Single-reed instruments such as the flute, with a series of finger holes, have different names depending on their place of origin: žveglica, jedinka, duduk, svirala, ćurominka, slavić, fistula, ćurlik, kavela, strančica. Those were solo and signal instruments made of wood. They were often built by shepherds for their own entertainment and they were widespread among all South Slavs.
The greatest number of this type of musical instruments that are part of the Collection comes from Northwest Croatia, more precisely from Hrvatsko Zagorje, where they are most prevalent, followed by Dalmatia, Ravni Kotari and Lika; several originate from Bosnia and Herzegovina and one from Bulgaria.
Whistle flute - jedinka / Mirko Gereci; Stubički Laz, the 2nd decade ot the 20th century / Et 8177, The Collection of Musical Instruments
Žveglice is a common term for all types of folk flutes once played in Hrvatsko Zagorje, particularly in Bistrički Laz and Stubički Laz (Širola, 1932: 10). The jedinka (the single flute) was mostly made of hazel, maple or elder wood. Unlike jedinke from other parts of Croatia the jedinke from Stubički Laz have quadrangular cross-section (Et 8177).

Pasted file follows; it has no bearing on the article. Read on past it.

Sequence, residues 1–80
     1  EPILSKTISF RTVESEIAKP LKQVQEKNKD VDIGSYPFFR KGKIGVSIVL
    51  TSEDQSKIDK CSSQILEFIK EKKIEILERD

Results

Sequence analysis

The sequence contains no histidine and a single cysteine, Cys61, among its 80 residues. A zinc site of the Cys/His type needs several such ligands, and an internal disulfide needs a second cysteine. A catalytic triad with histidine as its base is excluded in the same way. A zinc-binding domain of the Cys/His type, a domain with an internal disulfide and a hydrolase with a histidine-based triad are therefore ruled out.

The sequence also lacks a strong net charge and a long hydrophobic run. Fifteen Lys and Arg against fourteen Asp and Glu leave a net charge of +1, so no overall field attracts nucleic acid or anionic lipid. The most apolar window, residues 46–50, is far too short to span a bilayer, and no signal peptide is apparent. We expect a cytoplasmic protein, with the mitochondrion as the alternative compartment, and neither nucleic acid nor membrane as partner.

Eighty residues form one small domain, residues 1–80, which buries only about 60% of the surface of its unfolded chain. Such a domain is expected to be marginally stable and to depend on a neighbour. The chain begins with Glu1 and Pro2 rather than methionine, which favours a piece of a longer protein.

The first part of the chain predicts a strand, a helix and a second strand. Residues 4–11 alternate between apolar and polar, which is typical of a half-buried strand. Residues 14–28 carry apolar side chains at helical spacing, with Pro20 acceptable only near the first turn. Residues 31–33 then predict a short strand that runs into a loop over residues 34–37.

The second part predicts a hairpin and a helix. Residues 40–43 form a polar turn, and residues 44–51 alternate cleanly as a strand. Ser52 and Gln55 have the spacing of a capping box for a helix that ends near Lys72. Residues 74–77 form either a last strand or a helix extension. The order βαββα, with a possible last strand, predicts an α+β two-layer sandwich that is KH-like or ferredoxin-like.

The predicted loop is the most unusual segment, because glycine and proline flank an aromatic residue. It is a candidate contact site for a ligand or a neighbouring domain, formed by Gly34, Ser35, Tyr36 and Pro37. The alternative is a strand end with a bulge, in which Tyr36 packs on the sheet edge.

According to the manner of its making and playing the most developed single-reed instrument is the strajnčica (the side-blown flute) which is held to the side when played and is named accordingly. Širola considered the strajnčica a more primitive variant of today’s common flute. The strajnčica was mainly made of elder wood. The pith was squeezed out of an elder stick and the bore simply needed to be expanded (Širola, 1932: 153). The Collection of musical instruments includes a strajnčica made of maple wood, with six holes (vrti) and ornaments burned in the wood (žgana cifra), dots and circular lines (Et 8175) The same as the jedinka, the strajnčica was mostly used as a solo instrument by herdsmen in the pastures.Items